“Mighty ruler of Providence!” exclaimed Heyward, clasping his hands together in agony, “can this be suffered! To you, just Tamenund, I appeal for mercy.”
“The words of the Delaware are said,” returned the sage, closing his eyes, and dropping back into his seat, alike wearied with his mental and his bodily exertion. “Men speak not twice.”
“That a chief should not misspend his time in unsaying what has once been spoken is wise and reasonable,” said Hawkeye, motioning to Duncan to be silent; “but it is also prudent in every warrior to consider well before he strikes his tomahawk into the head of his prisoner. Huron, I love you not; nor can I say that any Mingo has ever received much favor at my hands. It is fair to conclude that, if this war does not soon end, many more of your warriors will meet me in the woods. Put it to your judgment, then, whether you would prefer taking such a prisoner as that into your encampment, or one like myself, who am a man that it would greatly rejoice your nation to see with naked hands.”
“Will ‘The Long Rifle’ give his life for the woman?” demanded Magua, hesitatingly; for he had already made a motion toward quitting the place with his victim.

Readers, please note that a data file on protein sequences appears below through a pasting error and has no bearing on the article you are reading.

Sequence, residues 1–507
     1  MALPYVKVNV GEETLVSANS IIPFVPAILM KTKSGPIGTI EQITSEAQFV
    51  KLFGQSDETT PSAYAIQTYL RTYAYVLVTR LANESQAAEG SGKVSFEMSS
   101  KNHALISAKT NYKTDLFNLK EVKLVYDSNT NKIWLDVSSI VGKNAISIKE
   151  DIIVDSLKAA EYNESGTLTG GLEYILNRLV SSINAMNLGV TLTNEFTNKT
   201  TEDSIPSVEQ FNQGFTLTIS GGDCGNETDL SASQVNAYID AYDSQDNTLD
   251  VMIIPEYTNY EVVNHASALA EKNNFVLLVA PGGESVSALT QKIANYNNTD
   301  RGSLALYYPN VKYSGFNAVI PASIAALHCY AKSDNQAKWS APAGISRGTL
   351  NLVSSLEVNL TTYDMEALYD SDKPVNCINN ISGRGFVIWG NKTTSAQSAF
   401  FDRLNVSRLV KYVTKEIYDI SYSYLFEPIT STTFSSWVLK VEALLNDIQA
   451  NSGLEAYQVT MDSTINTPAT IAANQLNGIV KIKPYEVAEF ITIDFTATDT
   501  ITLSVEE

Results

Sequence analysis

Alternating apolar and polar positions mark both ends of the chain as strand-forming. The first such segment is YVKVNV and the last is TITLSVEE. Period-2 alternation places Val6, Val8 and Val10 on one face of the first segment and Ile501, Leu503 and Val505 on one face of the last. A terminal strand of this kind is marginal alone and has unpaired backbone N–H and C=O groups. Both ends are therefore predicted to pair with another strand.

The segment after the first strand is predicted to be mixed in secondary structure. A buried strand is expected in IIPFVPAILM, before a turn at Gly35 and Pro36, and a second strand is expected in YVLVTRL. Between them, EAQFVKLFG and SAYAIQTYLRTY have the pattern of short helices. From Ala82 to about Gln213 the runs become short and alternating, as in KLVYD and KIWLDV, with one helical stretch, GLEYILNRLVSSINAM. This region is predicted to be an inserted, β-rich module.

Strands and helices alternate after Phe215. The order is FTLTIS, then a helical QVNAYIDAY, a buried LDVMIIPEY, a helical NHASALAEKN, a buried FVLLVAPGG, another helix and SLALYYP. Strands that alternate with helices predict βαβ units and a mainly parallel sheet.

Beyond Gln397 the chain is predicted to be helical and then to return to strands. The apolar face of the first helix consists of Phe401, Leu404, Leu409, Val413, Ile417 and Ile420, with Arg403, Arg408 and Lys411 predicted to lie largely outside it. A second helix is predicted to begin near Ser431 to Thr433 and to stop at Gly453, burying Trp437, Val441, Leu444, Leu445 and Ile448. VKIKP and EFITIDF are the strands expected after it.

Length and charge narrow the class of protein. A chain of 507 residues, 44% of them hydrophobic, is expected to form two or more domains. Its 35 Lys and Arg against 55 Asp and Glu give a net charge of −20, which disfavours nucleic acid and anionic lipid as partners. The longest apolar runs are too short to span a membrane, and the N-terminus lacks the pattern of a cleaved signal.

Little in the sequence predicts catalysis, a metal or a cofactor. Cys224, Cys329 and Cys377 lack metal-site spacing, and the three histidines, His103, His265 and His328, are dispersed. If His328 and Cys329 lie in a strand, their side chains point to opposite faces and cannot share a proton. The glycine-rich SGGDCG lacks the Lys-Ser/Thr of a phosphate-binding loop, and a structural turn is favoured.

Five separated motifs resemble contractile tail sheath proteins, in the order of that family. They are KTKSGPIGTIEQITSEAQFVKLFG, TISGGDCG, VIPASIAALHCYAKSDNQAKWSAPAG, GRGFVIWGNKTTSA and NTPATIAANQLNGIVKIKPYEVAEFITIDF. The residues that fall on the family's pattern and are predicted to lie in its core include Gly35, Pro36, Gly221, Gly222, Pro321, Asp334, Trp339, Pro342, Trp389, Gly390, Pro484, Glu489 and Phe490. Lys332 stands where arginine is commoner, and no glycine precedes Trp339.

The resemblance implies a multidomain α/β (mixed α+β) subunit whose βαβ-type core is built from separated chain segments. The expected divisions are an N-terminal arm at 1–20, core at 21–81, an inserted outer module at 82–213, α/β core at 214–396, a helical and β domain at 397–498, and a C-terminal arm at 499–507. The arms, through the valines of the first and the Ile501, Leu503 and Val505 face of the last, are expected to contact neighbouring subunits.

“No, no; I have not said so much as that,” returned Hawkeye, drawing back with suitable discretion, when he noted the eagerness with which Magua listened to his proposal. “It would be an unequal exchange, to give a warrior, in the prime of his age and usefulness, for the best woman on the frontiers. I might consent to go into winter quarters, now —at least six weeks afore the leaves will turn—on condition you will release the maiden.”
Magua shook his head, and made an impatient sign for the crowd to open.
“Well, then,” added the scout, with the musing air of a man who had not half made up his mind; “I will throw ‘killdeer’ into the bargain. Take the word of an experienced hunter, the piece has not its equal atween the provinces.”
Magua still disdained to reply, continuing his efforts to disperse the crowd.
“Perhaps,” added the scout, losing his dissembled coolness exactly in proportion as the other manifested an indifference to the exchange, “if I should condition to teach your young men the real virtue of the we’pon, it would smoothe the little differences in our judgments.”
Le Renard fiercely ordered the Delawares, who still lingered in an impenetrable belt around him, in hopes he would listen to the amicable proposal, to open his path, threatening, by the glance of his eye, another appeal to the infallible justice of their “prophet.”